When learning how to incubate chicken eggs, it’s important to realize that your methodology will be dependent on which type of incubator you use. For example, learning how to incubate chicken eggs in an automatic incubator is much easier than learning how to incubate chicken eggs in a manual incubator.
In the first, you can pretty much set it and forget it but in the second, you have to manually adjust the temperature and humidity as well as manually turn the eggs every few hours for 21 days. As you can see, you could write a book on how to incubate chicken eggs so what we want to do here is give you brief overview on incubating chicken eggs; basically Incubating Chicken Eggs 101.
Prior to Incubating Your Eggs
Before you can get started, you’ll have to decide between natural incubating and artificial incubating. If you’re doing it naturally, great: let the mother or brooding hen do all the work. If you want to do it artificially, you’ll need to buy an incubator.
If you want to hatch a smaller number of eggs, you can go with a still-air incubator which is an incubator that doesn’t have a fan. If you want to hatch a larger number of eggs or just want the most efficient incubator, go with a forced-air incubator, something experts agree on as the best way to learn how to incubate chicken eggs.
Whichever model incubator you finally wind up with, make sure that you test it out before placing any eggs inside. Your incubator should run for 48 hours at the same temperature and humidity, something it will need to do for 21 days when the eggs are actually inside.
This will help you ensure that no eggs will be harmed due to a faulty incubator that may have been harmed during shipping or transportation.
When you’re sure that your incubator is in proper working condition, place it somewhere inside where the temperature is constant and the room is properly ventilated. You don’t want a fluctuating outside temperature as it will affect the temperature you’ll need to heat the incubator to in order to keep the eggs warm.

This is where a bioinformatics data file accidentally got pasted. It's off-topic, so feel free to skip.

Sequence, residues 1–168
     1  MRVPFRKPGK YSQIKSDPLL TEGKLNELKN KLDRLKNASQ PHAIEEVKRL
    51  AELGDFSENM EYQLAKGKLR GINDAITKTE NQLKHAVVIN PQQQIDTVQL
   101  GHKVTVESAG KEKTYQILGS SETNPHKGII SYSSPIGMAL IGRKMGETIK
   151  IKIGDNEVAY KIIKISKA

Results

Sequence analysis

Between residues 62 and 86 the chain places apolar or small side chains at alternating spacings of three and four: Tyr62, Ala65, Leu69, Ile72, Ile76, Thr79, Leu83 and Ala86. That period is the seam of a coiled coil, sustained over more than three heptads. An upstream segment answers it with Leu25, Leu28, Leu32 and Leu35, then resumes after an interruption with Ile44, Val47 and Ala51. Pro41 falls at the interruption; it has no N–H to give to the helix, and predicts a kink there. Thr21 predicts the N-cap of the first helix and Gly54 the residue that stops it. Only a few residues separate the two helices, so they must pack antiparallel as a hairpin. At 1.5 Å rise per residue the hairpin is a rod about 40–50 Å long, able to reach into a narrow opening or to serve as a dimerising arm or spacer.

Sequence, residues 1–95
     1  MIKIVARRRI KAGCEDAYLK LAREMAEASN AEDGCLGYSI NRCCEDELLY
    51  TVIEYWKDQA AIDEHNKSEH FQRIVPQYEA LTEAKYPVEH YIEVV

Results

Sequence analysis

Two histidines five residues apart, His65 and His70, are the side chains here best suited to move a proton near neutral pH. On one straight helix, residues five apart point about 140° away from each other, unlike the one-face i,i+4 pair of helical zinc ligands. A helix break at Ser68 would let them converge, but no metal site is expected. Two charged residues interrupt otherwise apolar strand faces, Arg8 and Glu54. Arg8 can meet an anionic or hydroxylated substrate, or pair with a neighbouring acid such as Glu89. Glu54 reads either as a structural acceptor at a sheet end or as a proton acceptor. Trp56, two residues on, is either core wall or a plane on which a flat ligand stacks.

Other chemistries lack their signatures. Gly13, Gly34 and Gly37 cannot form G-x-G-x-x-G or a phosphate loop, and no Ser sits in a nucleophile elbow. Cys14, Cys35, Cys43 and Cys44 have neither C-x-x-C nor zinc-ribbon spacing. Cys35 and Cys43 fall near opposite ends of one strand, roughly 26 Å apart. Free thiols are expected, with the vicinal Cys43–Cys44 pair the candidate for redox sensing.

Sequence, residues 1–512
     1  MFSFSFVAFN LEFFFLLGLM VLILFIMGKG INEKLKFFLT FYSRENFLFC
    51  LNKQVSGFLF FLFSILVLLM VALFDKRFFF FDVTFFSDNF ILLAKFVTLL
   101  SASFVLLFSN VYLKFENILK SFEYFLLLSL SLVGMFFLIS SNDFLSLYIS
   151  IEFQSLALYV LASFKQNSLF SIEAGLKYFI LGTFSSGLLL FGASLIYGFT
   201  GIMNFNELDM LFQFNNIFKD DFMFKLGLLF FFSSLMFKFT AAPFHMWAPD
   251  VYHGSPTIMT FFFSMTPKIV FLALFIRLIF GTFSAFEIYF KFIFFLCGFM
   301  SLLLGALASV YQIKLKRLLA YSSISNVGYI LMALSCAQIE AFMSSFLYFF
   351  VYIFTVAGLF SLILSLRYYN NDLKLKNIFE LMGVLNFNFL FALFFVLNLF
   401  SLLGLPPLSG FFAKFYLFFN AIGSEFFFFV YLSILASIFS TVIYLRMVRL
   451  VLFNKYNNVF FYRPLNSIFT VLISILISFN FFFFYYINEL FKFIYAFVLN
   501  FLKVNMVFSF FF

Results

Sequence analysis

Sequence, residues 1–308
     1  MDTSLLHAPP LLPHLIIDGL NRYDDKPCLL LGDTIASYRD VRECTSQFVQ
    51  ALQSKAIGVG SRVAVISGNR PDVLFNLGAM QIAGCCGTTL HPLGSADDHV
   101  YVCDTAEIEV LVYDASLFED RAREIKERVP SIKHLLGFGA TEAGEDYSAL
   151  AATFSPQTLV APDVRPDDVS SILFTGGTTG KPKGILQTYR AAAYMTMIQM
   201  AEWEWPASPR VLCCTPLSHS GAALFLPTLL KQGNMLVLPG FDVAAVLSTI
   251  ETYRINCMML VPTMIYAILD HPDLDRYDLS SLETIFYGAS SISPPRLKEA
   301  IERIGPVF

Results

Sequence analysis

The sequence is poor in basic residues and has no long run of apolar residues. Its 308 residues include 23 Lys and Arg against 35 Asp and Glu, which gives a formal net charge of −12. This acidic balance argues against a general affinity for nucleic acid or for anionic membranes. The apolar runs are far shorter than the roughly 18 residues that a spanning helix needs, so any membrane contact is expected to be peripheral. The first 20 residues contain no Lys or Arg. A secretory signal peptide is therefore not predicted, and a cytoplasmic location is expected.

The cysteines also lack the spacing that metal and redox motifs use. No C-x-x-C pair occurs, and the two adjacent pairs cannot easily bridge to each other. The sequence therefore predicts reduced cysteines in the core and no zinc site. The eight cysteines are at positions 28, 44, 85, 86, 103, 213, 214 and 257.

How To Incubate Chicken Eggs
Now you’re ready to place your eggs inside the incubator. After ordering or obtaining your medium-sized, fertilized eggs from a hatchery or poultry farmers, make sure that they’re free from holes or cracks. Heat up your incubator and place the eggs into the trays inside according to your unit’s instructions.
Never place eggs pointy side up. Typically, the temperature should drop in the first few hours due to the eggs being introduced into the environment. Don’t readjust the temperature for the first 48 hours after setting the eggs.
Despite the hatching period being 21 days, you’re only going to turn them up until day 18. Turn the eggs an odd number of times per day (5 or 7) so that each night when you go to sleep, a different side of the egg is facing up for the longest. You can use a pencil to mark each side of the egg, X and O, to help you remember.
You want to maintain a steady temperature of 100 degrees Fahrenheit inside of forced-air incubators and 103 degrees Fahrenheit in still-air incubators (higher because the stillness of the air causes stratification which fluctuates the temperature inside the unit about 4 degrees Fahrenheit). Humidity should be kept at 58% to 60% until the eggs start hatching. At that point, raise the humidity to 65%.
Hatching the Eggs
Within 24 hours of each other, all eggs should hatch. Don’t help any chicks out of their shells even if they are struggling. They must get out on their own or they will not mature. After the eggs are all hatched, thoroughly clean your incubator and then start again!